ArcGIS Business Analyst

An authoritative guide to hexagons in Business Analyst: The basics

Business Analyst Web App users have been mapping with hexagons since February 2024, using them as a geography option in popular workflows: color-coded maps, smart map search, and suitability analysis. Although they are simple six-sided shapes, hexagons are actually quite complex mapping tools. This article will provide an introduction to hexagons and helpful terminology to know as you use them.

What are mapping hexagons and how are they supported in ArcGIS?

A hexagon is a shape used to create a tessellated grid of regular, commonly shaped polygon features that cover a given extent on a map. The types of gridded polygons that can be created varies across ArcGIS products. Independent of product, all tessellated grids fit into three common shapes (hexagon, square, or triangle) that can also be rotated to form other tessellated grids (transverse hexagon and diamond).

Various grid shapes

Square and diamond grids are often known as fishnet grids because they resemble fishnets, while hexagonal grids most resemble chicken wire.

Business Analyst users of both the Pro and Web apps most commonly use Uber H3 hexagons, which are a widely adopted global grid system, and abbreviated to H3 hexagons.

Product Hexagon capabilities
ArcGIS Pro Supports triangles, squares, diamonds, hexagons, H3 hexagons, and transverse hexagons. Demographic attributes can be added to these shapes using the GeoEnrichment service.
Business Analyst Pro Provides a geoprocessing tool, Generate Grids and Hexagons, to create squares, hexagons and H3 hexagon tessellations. Demographic enrichment can be performed at the same time by apportioning to the polygon shape or a buffer (distance, drive-time, etc.) around the shape centroid.
Business Analyst Web App Provides demographic data pre-tessellated into H3 hexagons for users with an Advanced license. Available for color-coded maps, smart map search, and suitability analysis.


How do hexagon grids differ from square grids?

Hexagons are the most efficient way to tessellate a shape and reduce the sampling bias of square grids. Not only do squares have a high perimeter-to-area ratio, the distance from the centroid of the grid to its closest neighbors (enclosing eight cells) is different along the x- and y-axes, when compared to the diagonals.

A circle has the lowest perimeter-to-area ratio but cannot form a continuous grid without holes. Hexagons are the closest shape to a circle that can still form a grid without gaps. This property, known as circularity, allows it to represent continuous distributions (curves) in the patterns of your data more naturally than square grids.

Hexagons have a mathematically consistent model for proximity between the centroid of a hexagon and all its connected neighbors. Hexagons are more similar to a circle than other polygons, so any point within the hexagon is closer to the centroid of the hexagon polygon than any point outside of it. This is not true for squares, where points near the border and on the diagonals are further away from the centroid than those on the major axes. This is especially true of points near the vertices where four squares join, as shown in the images below.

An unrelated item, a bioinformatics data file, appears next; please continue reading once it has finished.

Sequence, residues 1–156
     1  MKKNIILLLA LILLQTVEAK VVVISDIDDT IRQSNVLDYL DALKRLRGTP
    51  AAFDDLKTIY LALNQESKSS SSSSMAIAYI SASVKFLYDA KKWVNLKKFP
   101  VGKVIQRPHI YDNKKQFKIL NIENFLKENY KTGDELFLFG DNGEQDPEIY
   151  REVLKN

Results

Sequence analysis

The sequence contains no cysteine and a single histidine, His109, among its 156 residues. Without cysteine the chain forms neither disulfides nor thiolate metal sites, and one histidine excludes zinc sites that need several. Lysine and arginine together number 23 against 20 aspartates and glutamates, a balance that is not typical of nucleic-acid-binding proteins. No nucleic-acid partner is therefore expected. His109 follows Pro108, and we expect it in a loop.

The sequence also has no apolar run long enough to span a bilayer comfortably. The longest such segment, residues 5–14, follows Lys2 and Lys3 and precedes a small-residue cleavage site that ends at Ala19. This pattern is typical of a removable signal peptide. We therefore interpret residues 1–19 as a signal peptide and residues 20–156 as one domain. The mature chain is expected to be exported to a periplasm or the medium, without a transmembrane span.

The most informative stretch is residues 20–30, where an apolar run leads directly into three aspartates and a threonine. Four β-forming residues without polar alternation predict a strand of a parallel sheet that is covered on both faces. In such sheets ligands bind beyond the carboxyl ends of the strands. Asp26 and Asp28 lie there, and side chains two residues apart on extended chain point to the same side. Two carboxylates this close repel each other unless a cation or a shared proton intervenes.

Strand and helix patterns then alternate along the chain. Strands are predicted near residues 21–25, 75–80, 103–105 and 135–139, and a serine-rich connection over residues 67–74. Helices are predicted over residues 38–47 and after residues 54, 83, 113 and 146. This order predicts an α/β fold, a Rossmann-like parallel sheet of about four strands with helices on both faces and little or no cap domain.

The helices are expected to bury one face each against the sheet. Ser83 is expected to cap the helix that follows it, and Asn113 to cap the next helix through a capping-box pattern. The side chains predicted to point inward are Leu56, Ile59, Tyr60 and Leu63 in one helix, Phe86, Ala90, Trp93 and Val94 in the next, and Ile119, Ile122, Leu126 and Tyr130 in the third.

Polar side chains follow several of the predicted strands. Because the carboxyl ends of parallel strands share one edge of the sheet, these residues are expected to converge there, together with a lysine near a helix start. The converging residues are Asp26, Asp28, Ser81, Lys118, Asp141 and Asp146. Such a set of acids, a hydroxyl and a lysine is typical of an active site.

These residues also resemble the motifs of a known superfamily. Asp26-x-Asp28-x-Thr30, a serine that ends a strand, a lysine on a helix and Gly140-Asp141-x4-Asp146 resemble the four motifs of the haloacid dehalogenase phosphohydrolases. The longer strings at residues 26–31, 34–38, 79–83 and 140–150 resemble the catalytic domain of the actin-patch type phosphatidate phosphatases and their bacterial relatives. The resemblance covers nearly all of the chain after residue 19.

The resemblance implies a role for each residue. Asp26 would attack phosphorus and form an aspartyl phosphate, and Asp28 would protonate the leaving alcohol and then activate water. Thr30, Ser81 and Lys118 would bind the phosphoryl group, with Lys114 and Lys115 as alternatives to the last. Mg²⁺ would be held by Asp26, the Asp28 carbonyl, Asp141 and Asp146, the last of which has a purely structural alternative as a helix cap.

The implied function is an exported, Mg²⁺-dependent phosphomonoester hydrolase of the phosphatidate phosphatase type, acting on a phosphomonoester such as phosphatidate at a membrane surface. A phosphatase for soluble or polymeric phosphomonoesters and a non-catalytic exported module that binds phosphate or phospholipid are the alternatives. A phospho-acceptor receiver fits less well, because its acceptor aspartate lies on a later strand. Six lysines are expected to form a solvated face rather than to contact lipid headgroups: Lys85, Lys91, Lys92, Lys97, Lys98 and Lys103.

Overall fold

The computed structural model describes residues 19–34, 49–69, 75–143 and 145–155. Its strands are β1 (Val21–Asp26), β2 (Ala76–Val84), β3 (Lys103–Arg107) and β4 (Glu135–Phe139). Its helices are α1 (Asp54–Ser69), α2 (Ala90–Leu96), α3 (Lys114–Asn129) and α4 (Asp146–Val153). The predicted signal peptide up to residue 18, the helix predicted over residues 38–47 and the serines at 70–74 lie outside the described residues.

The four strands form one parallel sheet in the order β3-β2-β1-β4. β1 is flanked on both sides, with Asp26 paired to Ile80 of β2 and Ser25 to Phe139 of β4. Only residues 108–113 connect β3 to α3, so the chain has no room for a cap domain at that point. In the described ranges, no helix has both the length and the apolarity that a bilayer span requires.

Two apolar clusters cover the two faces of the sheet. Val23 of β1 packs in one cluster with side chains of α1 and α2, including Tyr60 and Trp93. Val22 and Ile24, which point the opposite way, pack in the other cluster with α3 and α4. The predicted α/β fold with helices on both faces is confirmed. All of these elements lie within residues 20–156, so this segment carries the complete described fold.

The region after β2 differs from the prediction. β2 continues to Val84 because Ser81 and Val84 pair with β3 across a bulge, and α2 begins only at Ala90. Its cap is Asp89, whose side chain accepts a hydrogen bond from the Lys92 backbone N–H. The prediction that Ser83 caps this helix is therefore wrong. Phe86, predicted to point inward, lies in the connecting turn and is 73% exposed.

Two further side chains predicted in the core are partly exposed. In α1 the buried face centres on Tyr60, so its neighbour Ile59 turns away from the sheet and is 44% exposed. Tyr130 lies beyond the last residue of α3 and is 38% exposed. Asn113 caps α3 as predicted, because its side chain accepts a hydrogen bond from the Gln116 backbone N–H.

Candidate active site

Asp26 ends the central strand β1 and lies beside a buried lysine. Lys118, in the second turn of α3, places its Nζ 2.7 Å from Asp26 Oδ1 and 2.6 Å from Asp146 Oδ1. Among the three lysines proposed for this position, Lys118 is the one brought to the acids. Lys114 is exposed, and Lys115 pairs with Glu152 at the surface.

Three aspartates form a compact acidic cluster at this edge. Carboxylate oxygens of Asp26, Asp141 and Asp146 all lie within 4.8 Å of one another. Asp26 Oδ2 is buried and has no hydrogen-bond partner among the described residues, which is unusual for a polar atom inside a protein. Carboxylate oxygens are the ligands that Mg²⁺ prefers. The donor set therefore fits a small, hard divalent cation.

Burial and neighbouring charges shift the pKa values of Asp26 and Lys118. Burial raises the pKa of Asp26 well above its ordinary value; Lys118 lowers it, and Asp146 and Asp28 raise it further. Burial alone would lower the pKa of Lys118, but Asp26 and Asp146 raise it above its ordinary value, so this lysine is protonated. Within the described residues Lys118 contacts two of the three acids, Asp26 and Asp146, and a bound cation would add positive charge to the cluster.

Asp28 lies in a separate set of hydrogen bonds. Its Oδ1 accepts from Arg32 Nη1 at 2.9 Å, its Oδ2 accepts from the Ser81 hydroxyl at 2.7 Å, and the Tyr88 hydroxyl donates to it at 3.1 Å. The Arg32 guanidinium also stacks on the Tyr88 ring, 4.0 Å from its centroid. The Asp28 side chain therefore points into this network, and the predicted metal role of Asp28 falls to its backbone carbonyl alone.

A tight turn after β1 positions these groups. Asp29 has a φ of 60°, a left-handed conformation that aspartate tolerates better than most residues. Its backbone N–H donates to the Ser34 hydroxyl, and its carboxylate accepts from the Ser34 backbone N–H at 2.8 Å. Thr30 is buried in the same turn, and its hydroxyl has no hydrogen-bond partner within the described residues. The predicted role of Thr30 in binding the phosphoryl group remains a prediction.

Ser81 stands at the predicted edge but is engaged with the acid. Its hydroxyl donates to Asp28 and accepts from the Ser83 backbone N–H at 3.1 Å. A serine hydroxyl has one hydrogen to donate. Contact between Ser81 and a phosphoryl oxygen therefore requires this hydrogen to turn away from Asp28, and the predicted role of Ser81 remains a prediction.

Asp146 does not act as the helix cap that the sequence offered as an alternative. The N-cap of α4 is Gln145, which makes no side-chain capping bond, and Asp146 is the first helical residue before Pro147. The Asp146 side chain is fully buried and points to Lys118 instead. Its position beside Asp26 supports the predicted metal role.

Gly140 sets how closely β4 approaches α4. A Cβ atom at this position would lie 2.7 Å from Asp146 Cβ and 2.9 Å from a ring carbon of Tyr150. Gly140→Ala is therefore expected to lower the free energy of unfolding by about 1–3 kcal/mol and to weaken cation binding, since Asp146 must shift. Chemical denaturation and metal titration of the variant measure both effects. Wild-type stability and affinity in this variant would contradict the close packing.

Comparison of squares and hexagons

Overall, this means that any point inside a hexagon is closer to the centroid of the hexagon than any given point in an equal-area square or triangle would be.


What are hexagon resolutions?

All tessellated grids are created by defining the area of the shape, the length of the edges, or the radius of the shape from the centroid to the nearest edge. The resolution is notation for how the grid is formed.

Most rectangular or fishnet grids use the area or the length of two edges. For example, a 1km square grid would be 1km2 in area and have 1km-long sides. A square grid with 10km2 area would have sides of 3.162 km, so is usually referred to as a 10km grid, as this is easier to understand and communicate. Different grids will use either total area or the length of the edge.

Hexagon diagram

The H3 hexagon system simplifies this by using a concept called resolution, which specifies the average area and edge length for each of the 16 scales of hexagons. This means that when an H3 hexagon is referred to by resolution number, you can always determine the area, edge length, and apothem (distance from the centroid to the closest edge).

Business Analyst Web App uses the apothem, which is also the radius of an inscribed circle within the hexagon, as an easy description for each of the resolutions. So an H3 hexagon at resolution 2 with a radius of approximately 98.2 miles, will be labeled that way.

To make it easier to communicate size, Business Analyst Web App uses both imperial and metric units to express area and radius. The units used are those set in your application preferences.


What hexagon resolutions are supported in ArcGIS?

ArcGIS Pro and Business Analyst Pro allow you to create user-defined hexagons and grids at any resolution. Both products support all 16 H3 hexagon resolutions, through the Generate Tessellation tool (ArcGIS Pro) and the Generate Grids and Hexagons tool (Business Analyst Pro).

Business Analyst Web App provides data in six H3 hexagon resolutions, starting at resolution 2 (average radius of 98.2 miles) through resolution 7 (a 0.8-mile radius).